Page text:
Oscar de la Renta Pink/Wine Ikat Silk-Cotton Satin Lining: Chocolate Brown Heavy Twill Lining Simplicity Pattern: #8093 The only change I made in the pattern was to shorten the sleeve to 3/4 length. This silk-cotton is so nice to work with. It has the perfect amount of stiffness to achieve a structured look, yet it's so soft and comfortable to wear. Not only did I use the heavy twill to fully line the jacket, I also used it as contrast fabric on the sides. Oh and by the way, I know I'm not the only one who hordes scraps of fabric. So why not create a little self rosette applique like I did. You can either sew it right on to the jacket or make a pin! I was so pleased with the outcome! I LOVE my new jacket, and I have so many items in my closet that would look great with it! Mission accomplished! Enjoy!
Graphic Prints and Color Blocking Fan of the iconic look? Graphic-printed pieces made big statements on the catwalk with their loud colors and combinations. Color-blocking brought out a great contrast against them, too, and the smooth, saturated colors were show-stopping. Styles like this are always fun to work with. Solid colors can energize you when you look in the mirror, and a strong graphic can give off the message of your look from a mile away. For looks like these, consider such fabrics as: Purple and Orange Duo Following their debut in fall, orange and purple palettes are still in full swing on the runway for Spring 2017. Their contrast is still attractive, a mix of warm and cool, and they're here to stay. From florals to solids, this color combo is fairly versatile. Don't be afraid to mix and match! Try styling any of these fabrics into your wardrobe for this look: Orange... And Purple... Oversized Sleeves Another return from Fall 2016, over-sized sleeves were generously sprinkled throughout the designer showcases. Good with both light- and heavy-weight fabrics, over-sized sleeves are a perfect transitional style for the weather changing between fall and spring. You can also take advantage of their design to work volume into your ensemble's silhouette (like DKNY's style above!). Heavier fabrics like these can help you achieve this weighted looked: Off-the-Shoulder How classy! Straight-edged and low-cut, many designers showed off their shoulders with exposing styles much like the midriff and center-exposed styles. You could lump them all together into one category, but each type of exposure got so much individual focus, it could be considered a crime not to give them each a spotlight of their own. Exposed shoulders have always had a place on the style board for their elegant and sophisticated images. Draped or fitted, this style is beautiful in its own way. Many types of fabrics work will for this look, but if you need some inspiration, start with these: Low-cut Necklines Low-cut and square collars and necklines adorned many of the models at the show. Appealing for it's focus on the collarbone and shoulders, square neckline pieces can be flattering, giving the appearance of a wider torso and slimmer waistline. Like in the pictures above, accenting the actual edge of the neckline can be very powerful for your ensemble. Using fabrics with patterns or colors that contrast the rest of the piece can achieve this! Consider fabrics like this to get this look: 70s/80s Influences With bright colors and bold lines, a lot of styles carried the influence of the 70s and 80s on the runway for this season's show. This style is a great excuse to wear flashy fabrics and patterns. The point is to really stand out, so don't be shy! Loud and bright fabrics like these are great for creating these looks: Activewear Lots of the Spring 2017 designs sported eyelet fabrics and mesh for a nice, breathable style. Ranging in color and pattern, this style is forgiving in that you can mix and match different visual textures and shapes without sacrificing a clean look overall. If you'd like to make your own activewear style, check out these fabrics: Cut-Out Fabrics The last trend to highlight is cut-out styles! This style is more for visual focus than anything else, as their design draws the eye by playing with absence and empty space. Cut-out style looks best with fabrics that can provide clean, bold lines. The appeal is the clean cut, so make sure to work that into your design! Fabrics like these would be great options:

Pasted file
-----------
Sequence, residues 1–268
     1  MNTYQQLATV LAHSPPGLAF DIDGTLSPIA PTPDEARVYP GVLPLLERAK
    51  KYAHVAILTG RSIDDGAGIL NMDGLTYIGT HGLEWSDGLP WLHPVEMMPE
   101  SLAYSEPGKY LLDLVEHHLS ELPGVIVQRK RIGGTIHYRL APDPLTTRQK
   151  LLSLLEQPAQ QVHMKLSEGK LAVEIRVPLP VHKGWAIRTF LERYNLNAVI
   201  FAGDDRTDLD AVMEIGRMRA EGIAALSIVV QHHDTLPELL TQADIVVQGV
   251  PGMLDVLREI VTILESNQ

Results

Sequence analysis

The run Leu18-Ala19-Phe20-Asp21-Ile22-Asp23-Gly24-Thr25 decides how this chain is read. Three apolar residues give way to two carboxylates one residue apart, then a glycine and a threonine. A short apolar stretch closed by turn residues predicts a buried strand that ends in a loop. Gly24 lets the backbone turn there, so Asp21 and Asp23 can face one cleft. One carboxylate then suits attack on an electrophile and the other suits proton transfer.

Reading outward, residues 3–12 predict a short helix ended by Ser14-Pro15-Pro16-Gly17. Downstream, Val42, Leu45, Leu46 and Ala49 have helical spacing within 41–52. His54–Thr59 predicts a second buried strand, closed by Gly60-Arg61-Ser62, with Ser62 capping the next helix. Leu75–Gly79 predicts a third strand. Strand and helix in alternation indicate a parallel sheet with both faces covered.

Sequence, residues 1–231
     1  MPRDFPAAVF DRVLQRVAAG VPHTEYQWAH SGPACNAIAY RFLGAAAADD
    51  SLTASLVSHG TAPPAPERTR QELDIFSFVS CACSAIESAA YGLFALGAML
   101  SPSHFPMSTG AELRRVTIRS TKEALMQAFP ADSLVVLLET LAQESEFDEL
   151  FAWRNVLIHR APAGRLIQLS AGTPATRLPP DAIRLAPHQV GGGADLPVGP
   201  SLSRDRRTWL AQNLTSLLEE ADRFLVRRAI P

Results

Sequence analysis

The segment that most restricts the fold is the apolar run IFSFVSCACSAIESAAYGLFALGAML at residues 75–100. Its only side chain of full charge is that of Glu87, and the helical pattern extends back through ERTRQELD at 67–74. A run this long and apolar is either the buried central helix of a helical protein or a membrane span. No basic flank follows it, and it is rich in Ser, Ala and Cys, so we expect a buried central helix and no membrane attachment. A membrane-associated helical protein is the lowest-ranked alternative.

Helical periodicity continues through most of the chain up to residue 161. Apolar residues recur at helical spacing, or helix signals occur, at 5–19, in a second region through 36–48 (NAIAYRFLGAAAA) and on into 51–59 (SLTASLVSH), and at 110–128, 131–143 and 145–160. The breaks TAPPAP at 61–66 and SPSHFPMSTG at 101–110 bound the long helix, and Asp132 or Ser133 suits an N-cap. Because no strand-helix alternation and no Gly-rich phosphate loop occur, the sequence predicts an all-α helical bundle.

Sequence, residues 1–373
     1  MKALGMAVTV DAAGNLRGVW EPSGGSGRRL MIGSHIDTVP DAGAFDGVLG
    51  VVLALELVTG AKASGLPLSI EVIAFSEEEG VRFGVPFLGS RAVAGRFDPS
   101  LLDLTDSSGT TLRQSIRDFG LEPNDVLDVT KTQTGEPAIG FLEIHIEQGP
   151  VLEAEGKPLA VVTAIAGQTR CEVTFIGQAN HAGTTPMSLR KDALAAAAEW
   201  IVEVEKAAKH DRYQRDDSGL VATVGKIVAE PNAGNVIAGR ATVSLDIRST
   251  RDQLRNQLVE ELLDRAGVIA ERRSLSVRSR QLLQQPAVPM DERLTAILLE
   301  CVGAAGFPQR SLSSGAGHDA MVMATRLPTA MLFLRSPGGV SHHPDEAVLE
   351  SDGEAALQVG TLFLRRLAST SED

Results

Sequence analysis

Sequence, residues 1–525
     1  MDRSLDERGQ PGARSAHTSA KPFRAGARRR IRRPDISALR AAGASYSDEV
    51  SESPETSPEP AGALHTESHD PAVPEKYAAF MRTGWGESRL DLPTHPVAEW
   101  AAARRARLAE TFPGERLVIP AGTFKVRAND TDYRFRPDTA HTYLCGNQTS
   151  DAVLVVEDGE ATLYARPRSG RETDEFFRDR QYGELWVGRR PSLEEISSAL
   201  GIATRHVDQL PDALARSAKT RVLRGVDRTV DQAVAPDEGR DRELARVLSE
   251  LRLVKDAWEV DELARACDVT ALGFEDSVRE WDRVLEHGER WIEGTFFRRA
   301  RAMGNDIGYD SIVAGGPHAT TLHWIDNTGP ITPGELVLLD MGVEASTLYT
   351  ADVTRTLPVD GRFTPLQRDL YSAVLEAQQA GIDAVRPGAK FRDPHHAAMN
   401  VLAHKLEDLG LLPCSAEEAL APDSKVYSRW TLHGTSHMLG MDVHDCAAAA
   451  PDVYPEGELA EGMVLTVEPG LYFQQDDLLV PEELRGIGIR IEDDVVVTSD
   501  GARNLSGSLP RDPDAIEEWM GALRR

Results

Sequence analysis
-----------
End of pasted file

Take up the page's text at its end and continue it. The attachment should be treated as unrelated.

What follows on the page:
Since both of these styles cut off around the ankle, attention is drawn to your feet in the overall look, giving you the perfect chance to make your footwear your statement piece. And yes, wearing heels with jogger pants is acceptable right now. The style contrast is a huge trend! So don't be shy--clash your styles! If you're interested in making a pair of ankle-length pants for yourself, consider these fabrics: And for jogger pants: What do you think about this Fall's fashion trend line-up? Are you more into dressing with show-stopping statements as the priority, or does this wave of practical fashion suit your tastes more? Save Save Save Save